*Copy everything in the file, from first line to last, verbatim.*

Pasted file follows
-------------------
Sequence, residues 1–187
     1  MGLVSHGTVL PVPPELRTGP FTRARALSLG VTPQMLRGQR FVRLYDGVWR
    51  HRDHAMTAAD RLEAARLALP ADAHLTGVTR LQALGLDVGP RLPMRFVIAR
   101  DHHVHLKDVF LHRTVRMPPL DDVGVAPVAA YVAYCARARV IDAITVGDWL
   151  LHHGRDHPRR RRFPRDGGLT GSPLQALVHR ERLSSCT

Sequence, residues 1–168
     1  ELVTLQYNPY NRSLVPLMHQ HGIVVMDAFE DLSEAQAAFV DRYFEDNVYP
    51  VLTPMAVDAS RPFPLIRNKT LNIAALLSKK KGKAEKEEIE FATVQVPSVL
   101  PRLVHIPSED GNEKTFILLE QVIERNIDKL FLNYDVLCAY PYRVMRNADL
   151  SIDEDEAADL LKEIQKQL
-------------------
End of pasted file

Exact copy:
Sequence, residues 1–187
     1  MGLVSHGTVL PVPPELRTGP FTRARALSLG VTPQMLRGQR FVRLYDGVWR
    51  HRDHAMTAAD RLEAARLALP ADAHLTGVTR LQALGLDVGP RLPMRFVIAR
   101  DHHVHLKDVF LHRTVRMPPL DDVGVAPVAA YVAYCARARV IDAITVGDWL
   151  LHHGRDHPRR RRFPRDGGLT GSPLQALVHR ERLSSCT

Sequence, residues 1–168
     1  ELVTLQYNPY NRSLVPLMHQ HGIVVMDAFE DLSEAQAAFV DRYFEDNVYP
    51  VLTPMAVDAS RPFPLIRNKT LNIAALLSKK KGKAEKEEIE FATVQVPSVL
   101  PRLVHIPSED GNEKTFILLE QVIERNIDKL FLNYDVLCAY PYRVMRNADL
   151  SIDEDEAADL LKEIQKQL